The best remedy for the world’s ills, the best antidote to combat intolerance or the clash of cultures, or to neutralize bad foreign policies, is to develop good managers, create new businesses, innovate and generate value and wealth at all levels of society. What the world needs now is good entrepreneurs, good managers, and good business leaders.
A few years ago a newspaper in Mexico City ran a story on the creation of a museum dedicated to business leaders in the country. This unique institution intended to house photographs, films, and other documentary material, along with interactive exhibits that will tell the story of Mexico’s most illustrious entrepreneurs, among them Carlos Slim Helú (one of the world’s richest men). The aim of the museum was to encourage a new generation of entrepreneurs by example; to show the best face of management, given that the business stories that appear in the media are often too negative.
Entrepreneurs have probably been the category of managers most neglected. Research into their function and economic impact as individuals is relatively recent. Joseph Schumpeter was probably the first economist to put entrepreneurs under the microscope. His theory of creative destruction highlighted the entrepreneur’s role in stimulating investment and innovation.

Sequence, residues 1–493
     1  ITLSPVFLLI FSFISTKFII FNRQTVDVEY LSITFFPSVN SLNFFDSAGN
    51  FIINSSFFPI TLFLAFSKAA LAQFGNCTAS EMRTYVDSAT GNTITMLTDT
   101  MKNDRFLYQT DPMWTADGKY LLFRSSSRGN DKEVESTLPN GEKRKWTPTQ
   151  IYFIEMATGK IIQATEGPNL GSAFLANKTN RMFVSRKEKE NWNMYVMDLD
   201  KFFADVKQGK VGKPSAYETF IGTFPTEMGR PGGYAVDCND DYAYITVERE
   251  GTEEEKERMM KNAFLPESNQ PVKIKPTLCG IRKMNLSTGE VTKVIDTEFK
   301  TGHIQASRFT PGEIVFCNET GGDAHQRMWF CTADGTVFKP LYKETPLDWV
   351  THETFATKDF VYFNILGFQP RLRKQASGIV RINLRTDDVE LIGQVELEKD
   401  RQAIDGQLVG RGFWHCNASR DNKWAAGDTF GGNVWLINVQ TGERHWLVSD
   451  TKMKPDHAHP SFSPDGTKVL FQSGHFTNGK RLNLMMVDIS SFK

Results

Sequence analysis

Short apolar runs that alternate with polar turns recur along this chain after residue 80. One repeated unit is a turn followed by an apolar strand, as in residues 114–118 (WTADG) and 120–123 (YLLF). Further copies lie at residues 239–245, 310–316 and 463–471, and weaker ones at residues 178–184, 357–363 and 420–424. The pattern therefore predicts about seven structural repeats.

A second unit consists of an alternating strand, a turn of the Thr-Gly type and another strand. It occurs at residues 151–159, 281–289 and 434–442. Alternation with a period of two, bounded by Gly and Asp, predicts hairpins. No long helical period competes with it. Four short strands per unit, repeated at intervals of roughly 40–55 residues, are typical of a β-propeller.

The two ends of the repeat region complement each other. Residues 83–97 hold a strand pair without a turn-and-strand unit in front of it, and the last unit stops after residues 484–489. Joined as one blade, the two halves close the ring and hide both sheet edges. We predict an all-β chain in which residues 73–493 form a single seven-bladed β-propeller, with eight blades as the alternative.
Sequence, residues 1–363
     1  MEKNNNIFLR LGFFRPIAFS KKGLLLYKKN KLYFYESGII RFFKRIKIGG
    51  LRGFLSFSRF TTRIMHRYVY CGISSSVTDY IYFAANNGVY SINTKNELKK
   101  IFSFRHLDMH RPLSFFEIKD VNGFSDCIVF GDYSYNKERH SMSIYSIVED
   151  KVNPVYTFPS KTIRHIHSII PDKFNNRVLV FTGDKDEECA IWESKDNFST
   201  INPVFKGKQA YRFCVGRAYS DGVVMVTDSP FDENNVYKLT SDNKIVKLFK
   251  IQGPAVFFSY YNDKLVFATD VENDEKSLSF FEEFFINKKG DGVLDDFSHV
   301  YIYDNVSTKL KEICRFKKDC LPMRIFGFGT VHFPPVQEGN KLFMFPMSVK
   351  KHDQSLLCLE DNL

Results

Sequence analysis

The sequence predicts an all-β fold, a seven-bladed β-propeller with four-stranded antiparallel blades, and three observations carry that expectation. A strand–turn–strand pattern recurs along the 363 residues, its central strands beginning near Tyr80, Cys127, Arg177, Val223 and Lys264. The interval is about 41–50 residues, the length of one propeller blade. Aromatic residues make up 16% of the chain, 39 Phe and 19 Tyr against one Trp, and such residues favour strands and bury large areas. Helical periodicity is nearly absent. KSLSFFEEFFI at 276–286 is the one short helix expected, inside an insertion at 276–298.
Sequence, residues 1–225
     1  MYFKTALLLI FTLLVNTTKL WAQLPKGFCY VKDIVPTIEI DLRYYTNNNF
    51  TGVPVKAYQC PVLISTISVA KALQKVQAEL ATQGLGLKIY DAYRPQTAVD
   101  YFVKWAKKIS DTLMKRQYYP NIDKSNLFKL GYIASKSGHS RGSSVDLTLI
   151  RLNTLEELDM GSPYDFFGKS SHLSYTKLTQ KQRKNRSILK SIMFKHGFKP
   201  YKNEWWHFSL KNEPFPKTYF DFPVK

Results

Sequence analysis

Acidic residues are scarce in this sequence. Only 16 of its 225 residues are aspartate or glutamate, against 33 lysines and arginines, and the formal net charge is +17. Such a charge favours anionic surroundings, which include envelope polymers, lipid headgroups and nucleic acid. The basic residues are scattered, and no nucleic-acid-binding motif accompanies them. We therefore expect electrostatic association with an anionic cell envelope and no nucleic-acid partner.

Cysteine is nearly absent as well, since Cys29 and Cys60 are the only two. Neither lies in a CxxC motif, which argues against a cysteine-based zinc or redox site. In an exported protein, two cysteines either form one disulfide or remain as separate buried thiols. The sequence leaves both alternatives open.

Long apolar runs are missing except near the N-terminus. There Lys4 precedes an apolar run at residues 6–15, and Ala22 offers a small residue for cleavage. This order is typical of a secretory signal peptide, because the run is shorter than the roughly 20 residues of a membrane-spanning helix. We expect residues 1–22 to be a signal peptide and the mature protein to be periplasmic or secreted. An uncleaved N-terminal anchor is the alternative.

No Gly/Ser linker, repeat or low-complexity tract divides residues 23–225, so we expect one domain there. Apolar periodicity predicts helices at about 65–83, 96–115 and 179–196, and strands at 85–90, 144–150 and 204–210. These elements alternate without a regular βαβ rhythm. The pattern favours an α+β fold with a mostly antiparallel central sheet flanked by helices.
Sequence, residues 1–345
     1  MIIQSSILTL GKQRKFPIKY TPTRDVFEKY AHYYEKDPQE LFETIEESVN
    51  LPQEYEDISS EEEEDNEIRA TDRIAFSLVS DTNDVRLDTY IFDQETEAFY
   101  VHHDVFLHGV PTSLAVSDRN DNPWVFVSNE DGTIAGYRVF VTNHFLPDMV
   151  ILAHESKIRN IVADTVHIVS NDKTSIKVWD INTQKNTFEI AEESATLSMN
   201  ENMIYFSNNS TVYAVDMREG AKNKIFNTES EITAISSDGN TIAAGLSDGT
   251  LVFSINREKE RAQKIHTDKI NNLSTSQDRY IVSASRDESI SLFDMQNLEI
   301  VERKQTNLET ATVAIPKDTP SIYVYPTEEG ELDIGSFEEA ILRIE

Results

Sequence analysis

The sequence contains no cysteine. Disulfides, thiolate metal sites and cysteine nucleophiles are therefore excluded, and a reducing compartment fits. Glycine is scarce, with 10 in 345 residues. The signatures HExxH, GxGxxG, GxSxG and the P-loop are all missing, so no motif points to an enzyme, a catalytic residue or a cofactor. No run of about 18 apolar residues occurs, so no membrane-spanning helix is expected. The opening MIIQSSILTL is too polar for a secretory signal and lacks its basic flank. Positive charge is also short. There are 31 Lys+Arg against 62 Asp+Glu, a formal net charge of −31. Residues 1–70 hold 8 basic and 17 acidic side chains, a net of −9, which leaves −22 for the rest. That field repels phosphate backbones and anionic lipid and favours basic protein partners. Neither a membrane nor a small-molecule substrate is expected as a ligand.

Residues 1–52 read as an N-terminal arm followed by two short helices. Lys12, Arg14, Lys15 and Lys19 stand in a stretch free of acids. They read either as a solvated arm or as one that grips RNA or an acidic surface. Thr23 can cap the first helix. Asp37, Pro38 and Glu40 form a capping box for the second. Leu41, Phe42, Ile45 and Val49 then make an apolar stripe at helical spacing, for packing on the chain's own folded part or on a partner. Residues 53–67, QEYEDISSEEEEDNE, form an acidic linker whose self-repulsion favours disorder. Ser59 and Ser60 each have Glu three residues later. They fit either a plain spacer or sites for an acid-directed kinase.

However, in today’s constantly changing business environment, the new heroes are the entrepreneurs – the people who create wealth for society, either by creating new companies or by rejuvenating big corporations and even public institutions. By their nature entrepreneurs tend to operate outside of the existing norms or rules. They are the creators of their own rules; they change society and cause new ways of organizing and structuring human activity. Consider Google –whose founders Larry Page and Sergei Brin were awarded an MBA Honoris Causa at my school as featured in the attached photograph. Wikipedia, or Linkedin, all of which were created by entrepreneurs are now truly shaping our society. Indeed, in the coming years, entrepreneurs will be the architects of the new social structures – and the engines of social progress. Furthermore, Carl Schramm, who heads debatably America’s top entrepreneurial think tank, the Ewing Marion Kauffman Foundation, had an insight into what causes an economy to grow: “The single most important contributor to a nation’s economic growth is the number of startups that grow to a billion dollars in revenue within 20 years.”
Museums are the temples that society erects to celebrate the arts, the sciences, technology, or the knowledge of earlier cultures and civilizations. There are museums dedicated to just about every human or natural activity, yet until the Mexicans came along, there wasn’t one dedicated to business leaders. Neither are there any Nobel-style prizes for business leaders recognizing their work in creating wealth or running organizations. There may be prizes rewarding their philanthropy and commitment to the arts, but not for their contribution to business and management. How come? Should we assemble firms here in Linkedin to support the creation of a yearly Nobel Prize for the best CEO or best Entrepreneur?
I believe that would be just fair. Management can be one of the noblest professions in the world. It creates growth, wealth and development in society, provides jobs, fosters innovation and improves living conditions.